Communicating with your Difficult Ex
Responding to Messages
Cooperative communication between divorced parents is ideal but is not realistic nor appropriate to in situations involving coercive control and other forms of abuse.
Power imbalances make it difficult to resolve issues, to make decisions in a timely manner and to make them in the best interest of the children.
STEP 1: Which Messages Require a Response?
Distinguish between messages that warrant a response & those that don't.
Some messages are sent solely to elicit an unhinged emotional response.
STEP 2: How Do I Respond?
BIFF® & Chris Voss's Never Split the Difference Negotiation Strategies will leave you better prepared to handle any message that comes your way.
STEP 3: Practice, Practice, Practice
Responding without emotion, explanation, nor justification & only dealing with pertinent facts, doesn't come naturally to most of us.
What kind of practice do Trish's clients receive?
Trish engages her clients in role-playing allowing them to practice a variety of potential scenarios.
She also works with her clients on writing draft responses to messages they have received from their ex.
Trish reviews the drafts to ensure the learned principles are applied and a clear, non-emotional message will be what their ex receives.
Does communicating with your ex make you anxious?
Does every conversation turn into a fight?
Do your emotional reactions dilute your message?
If you said YES, then contact Trish to get started.
Your Response to Conflict
Managing how you respond is instrumental in surviving your divorce.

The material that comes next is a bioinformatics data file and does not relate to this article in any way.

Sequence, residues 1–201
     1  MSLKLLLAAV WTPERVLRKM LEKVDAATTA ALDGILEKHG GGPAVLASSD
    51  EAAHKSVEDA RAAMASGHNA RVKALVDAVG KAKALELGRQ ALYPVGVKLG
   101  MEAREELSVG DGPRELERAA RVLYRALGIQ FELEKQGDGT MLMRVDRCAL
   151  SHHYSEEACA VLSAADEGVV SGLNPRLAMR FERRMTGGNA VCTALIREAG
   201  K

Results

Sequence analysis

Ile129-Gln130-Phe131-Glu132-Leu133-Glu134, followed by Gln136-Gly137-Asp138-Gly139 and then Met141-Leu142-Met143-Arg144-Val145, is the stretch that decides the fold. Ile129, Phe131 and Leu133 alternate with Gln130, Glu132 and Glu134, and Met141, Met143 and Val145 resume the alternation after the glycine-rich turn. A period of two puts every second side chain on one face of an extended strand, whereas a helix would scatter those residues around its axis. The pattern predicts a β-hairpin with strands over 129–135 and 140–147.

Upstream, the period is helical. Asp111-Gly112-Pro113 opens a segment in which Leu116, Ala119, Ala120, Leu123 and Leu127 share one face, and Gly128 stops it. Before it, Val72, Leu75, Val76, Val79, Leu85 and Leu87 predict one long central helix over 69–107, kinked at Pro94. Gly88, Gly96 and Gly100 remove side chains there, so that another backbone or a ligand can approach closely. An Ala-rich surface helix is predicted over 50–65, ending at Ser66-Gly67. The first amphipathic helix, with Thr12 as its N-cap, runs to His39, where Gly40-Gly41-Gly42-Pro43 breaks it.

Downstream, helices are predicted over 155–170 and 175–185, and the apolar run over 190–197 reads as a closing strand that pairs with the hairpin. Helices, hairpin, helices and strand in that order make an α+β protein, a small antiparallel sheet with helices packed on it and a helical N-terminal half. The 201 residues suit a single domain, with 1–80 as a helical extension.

It requires you to train your body & mind to distinguish between real, and perceived threats.
It requires you to identify your ‘triggers’ & determine how they influence your responses.
Trish will help you learn to react calmly & rationally when faced with false allegations or aggressive communication.
Learn to Self-Regulate
Once you become aware of your 'triggers' you can then learn to emotionally regulate yourself.
In order to self-regulate, you need to learn to validate your feelings & experiences.
Only then will you be more apt to interpret situations rationally and thus, react rationally.
This process is a difficult one, particularly when embarking on it alone.
Trish has extensive training in Emotional Regulation &can guide you through:
We can't expect others to validate our feelings if we don’t validate them ourselves
Radical Acceptance “it is what it is”
Denial keeps us in a victim mindset & exacerbates suffering.
“why me?” or “this is so unfair”.
Pain is inevitable in life, however radical acceptance prevents that pain from turning into suffering.
See things they way they are…without inference… without interpretation…without judgement.
Driven by emotions, perception & logic.
Allows you to see the whole picture rather see information in a distorted or amplified way.
Set & Maintain Limits
Determine how much you can tolerate without resentment.
It ends the counterproductive blame game.